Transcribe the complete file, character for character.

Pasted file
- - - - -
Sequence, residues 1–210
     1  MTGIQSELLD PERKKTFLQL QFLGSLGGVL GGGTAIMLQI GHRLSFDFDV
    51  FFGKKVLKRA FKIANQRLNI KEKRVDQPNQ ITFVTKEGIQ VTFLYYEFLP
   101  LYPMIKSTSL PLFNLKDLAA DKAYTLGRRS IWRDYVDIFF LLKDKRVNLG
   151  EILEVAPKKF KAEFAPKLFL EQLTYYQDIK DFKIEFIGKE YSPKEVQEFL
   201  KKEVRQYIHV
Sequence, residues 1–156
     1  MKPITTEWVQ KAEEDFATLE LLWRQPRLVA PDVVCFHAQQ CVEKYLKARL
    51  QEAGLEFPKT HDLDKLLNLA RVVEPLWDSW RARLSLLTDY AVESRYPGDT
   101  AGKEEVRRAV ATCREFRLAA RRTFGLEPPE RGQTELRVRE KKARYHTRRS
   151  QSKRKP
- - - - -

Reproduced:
Sequence, residues 1–210
     1  MTGIQSELLD PERKKTFLQL QFLGSLGGVL GGGTAIMLQI GHRLSFDFDV
    51  FFGKKVLKRA FKIANQRLNI KEKRVDQPNQ ITFVTKEGIQ VTFLYYEFLP
   101  LYPMIKSTSL PLFNLKDLAA DKAYTLGRRS IWRDYVDIFF LLKDKRVNLG
   151  EILEVAPKKF KAEFAPKLFL EQLTYYQDIK DFKIEFIGKE YSPKEVQEFL
   201  KKEVRQYIHV
Sequence, residues 1–156
     1  MKPITTEWVQ KAEEDFATLE LLWRQPRLVA PDVVCFHAQQ CVEKYLKARL
    51  QEAGLEFPKT HDLDKLLNLA RVVEPLWDSW RARLSLLTDY AVESRYPGDT
   101  AGKEEVRRAV ATCREFRLAA RRTFGLEPPE RGQTELRVRE KKARYHTRRS
   151  QSKRKP